Citation:

Stamp R. and Sandler W. (2016). The Grammar Of The Body And The Emergence Of Complexity In Sign Languages. In S.G. Roberts, C. Cuskley, L. McCrohon, L. Barceló-Coblijn, O. Fehér & T. Verhoef (eds.) The Evolution of Language: Proceedings of the 11th International Conference (EVOLANG11). Available online: http://evolang.org/neworleans/papers/81.html

### Failures Of Perspective Taking In An Open-ended Signaling Task

##### Justin Sulik and Gary LupyanUniversity of Wisconsin-Madison

Keywords: salience, relevance, convention, signaling, pragmatics, audience design, inference

Abstract:

Imagine needing to communicate some meaning in the absence of a shared, conventional signal. A modern human might do this in a number of ways. Lacking the word 'snake', for example, one might vocally imitate its hiss, or gesturally imitate its slithering, or its biting strike. One could draw a simple stick-figure, or, if speaker and listener share conventional signals other than 'snake', one could say something like 'legless reptile'. Each of these choices foregrounds — makes salient — a different feature of the snake: its hiss, its movement, its bite, its anatomy, its taxonomy.

Some of these choices about salience will be better than others in conveying the meaning to the interpreter. If the slithering gesture were to make most people guess 'fish', the signal would be a poor choice for communicating about snakes. How does a signaler select a signal in the absence of convention? In particular, what information drives the inference about which out of several potentially salient features is most likely to lead to successful communication? Understanding how signaling occurs in the absence of convention is crucial for understanding the origins of convention (Cubitt & Sugden, 2003), and ultimately for understanding the evolution of language with its reliance on conventional signals.

According to several influential theories (Lewis, 1969; Sperber & Wilson, 1995), people are able to take their interlocutor’s point of view into account when deciding how to signal, inferring either what would be salient from an interlocutor’s perspective, or what information would be relevant to them. We experimentally tested the assumption that people are able to use information about salience or relevance from another’s point of view using a word-guessing game.

In the game, a signaler is given an item, such as 'bank'. He/she has to think of a one-word signal to help a guesser guess the item. A very good signal in this case is 'teller' because most people guess 'bank' given 'teller' (Nelson, McEvoy, & Schreiber, 1998). On the other hand, 'money' is a poor choice because very few people guess 'bank' given 'money' (Nelson et al., 1998). The challenge of choosing a good signal is twofold. First, communication of this sort is inherently asymmetric

in the sense that the signaler is given 'bank', while the guesser must infer 'bank'. In addition, salience is often asymmetric, in the sense that 'money' is likely to occur to a signaler given the item 'bank', but 'bank' isn’t likely to occur to the guesser given the signal 'money' (Nelson et al., 1998). The question, then, is whether the signaler is able to override the comparatively high salience of 'money' from his/her point of view to choose a signal that is more informative from the guesser’s point of view, such as 'teller'.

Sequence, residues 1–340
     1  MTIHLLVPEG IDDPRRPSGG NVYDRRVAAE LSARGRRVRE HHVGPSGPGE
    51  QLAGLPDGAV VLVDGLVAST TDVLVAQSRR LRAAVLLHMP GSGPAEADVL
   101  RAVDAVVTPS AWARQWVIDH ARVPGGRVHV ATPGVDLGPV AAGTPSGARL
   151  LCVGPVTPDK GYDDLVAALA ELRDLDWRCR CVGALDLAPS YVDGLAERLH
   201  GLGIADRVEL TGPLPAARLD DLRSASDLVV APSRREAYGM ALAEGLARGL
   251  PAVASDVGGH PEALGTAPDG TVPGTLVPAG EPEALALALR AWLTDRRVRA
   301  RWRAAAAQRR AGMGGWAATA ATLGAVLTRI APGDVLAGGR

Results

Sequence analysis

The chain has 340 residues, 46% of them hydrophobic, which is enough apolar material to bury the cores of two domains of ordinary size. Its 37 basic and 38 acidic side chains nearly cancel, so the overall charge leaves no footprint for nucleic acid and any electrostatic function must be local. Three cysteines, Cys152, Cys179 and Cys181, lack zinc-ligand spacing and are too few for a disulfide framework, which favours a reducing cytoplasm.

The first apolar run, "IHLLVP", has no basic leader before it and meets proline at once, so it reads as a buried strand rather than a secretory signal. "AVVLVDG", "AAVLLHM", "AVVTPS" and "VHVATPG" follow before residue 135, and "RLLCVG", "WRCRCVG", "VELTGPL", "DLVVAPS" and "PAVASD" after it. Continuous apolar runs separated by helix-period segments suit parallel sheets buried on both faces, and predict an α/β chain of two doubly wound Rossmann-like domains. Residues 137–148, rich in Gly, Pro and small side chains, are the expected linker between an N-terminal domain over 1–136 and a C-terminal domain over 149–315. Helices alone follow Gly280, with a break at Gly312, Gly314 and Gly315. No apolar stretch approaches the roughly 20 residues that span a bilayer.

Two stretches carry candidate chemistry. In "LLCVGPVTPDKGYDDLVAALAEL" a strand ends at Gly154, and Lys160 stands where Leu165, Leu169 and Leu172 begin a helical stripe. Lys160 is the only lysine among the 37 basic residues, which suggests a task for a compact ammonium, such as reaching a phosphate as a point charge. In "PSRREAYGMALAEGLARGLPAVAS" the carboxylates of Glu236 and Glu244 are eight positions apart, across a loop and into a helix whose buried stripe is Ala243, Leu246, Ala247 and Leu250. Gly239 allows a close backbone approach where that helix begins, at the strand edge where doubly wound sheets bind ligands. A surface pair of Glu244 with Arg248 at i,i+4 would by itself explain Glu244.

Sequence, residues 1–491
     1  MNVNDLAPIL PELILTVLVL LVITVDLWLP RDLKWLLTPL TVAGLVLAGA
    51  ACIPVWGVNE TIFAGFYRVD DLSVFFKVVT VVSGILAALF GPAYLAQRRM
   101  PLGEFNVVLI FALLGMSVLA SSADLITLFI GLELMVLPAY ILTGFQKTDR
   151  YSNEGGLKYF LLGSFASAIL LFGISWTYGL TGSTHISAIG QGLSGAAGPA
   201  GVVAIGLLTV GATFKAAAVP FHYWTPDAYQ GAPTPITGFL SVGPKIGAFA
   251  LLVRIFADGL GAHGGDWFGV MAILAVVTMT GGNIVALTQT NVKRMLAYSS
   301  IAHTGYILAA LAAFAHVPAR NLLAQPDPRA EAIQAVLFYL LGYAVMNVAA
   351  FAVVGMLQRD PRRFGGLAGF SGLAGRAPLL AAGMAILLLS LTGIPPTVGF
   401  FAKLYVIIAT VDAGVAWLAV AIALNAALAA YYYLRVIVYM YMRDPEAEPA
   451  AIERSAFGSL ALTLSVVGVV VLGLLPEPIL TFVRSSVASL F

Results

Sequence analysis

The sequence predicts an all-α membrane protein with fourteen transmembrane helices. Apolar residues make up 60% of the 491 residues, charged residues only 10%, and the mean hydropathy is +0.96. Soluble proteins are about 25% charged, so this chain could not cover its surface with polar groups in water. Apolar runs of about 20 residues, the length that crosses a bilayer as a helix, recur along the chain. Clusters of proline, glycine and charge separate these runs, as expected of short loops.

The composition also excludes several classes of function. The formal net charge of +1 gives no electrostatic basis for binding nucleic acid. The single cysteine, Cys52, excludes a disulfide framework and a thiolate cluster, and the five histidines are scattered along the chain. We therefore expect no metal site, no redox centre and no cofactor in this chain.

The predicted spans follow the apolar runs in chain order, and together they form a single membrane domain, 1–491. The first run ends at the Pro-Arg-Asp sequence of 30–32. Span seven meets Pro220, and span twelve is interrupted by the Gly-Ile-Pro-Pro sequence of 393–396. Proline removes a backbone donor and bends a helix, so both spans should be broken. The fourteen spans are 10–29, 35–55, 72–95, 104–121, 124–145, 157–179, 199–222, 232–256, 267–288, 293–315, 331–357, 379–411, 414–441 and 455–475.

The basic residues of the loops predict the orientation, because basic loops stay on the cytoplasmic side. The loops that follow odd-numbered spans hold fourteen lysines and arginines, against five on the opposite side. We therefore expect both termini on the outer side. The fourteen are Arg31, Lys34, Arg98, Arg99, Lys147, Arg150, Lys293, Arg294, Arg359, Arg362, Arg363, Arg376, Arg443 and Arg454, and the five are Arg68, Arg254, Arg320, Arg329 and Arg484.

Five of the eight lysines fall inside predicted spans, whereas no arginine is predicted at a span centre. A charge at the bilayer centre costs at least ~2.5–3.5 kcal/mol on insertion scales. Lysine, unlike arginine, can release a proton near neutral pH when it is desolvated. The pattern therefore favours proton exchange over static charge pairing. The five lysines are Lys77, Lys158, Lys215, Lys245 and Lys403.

Our results show that signalers are more likely to use information about salience from their own perspective than the guesser’s perspective in an unconstrained task like the one just described. This leads to low communicative success. For example, 40% of signalers chose 'money' to signal 'bank' — the most common choice — while 0% chose 'teller' (we use this example as an illustration; the experiments used many other items). In an unconstrained task like this, signalers are quite poor in using information from the guesser’s perspective, and guessers are even worse at inferring salience from the signaler’s perspective.

In a second study we show that communicators do have access to information about salience from the opposite perspective, but they do not access this information outside of tightly constrained contexts. For example, when given a list of 5 potential signals including 'money' and 'teller', and asked to pick which would be most likely to help someone guess 'bank', 42% now chose 'teller' and just 25% 'money'. In a third study, we show that contextual information can promote perspective taking if the context is clearly shared between signaler and guesser. Participants were given a list of items, all of which made 'money' salient. They were then asked to help the guesser pick 'bank'. This partially inhibited their choosing 'money' as a signal for 'bank' if told that the guesser also had the list.

In sum, the results show that in a novel signaling task, people are sometimes able to take another’s perspective on salience, but this is difficult and achieved only under specific conditions. We give examples of such conditions and conclude that these impose severe limitations on any theory that relies on inference in perspective taking to explain the emergence of successful linguistic conventions.

Citation:

Sulik J. and Lupyan G. (2016). Failures Of Perspective Taking In An Open-ended Signaling Task. In S.G. Roberts, C. Cuskley, L. McCrohon, L. Barceló-Coblijn, O. Fehér & T. Verhoef (eds.) The Evolution of Language: Proceedings of the 11th International Conference (EVOLANG11). Available online: http://evolang.org/neworleans/papers/103.html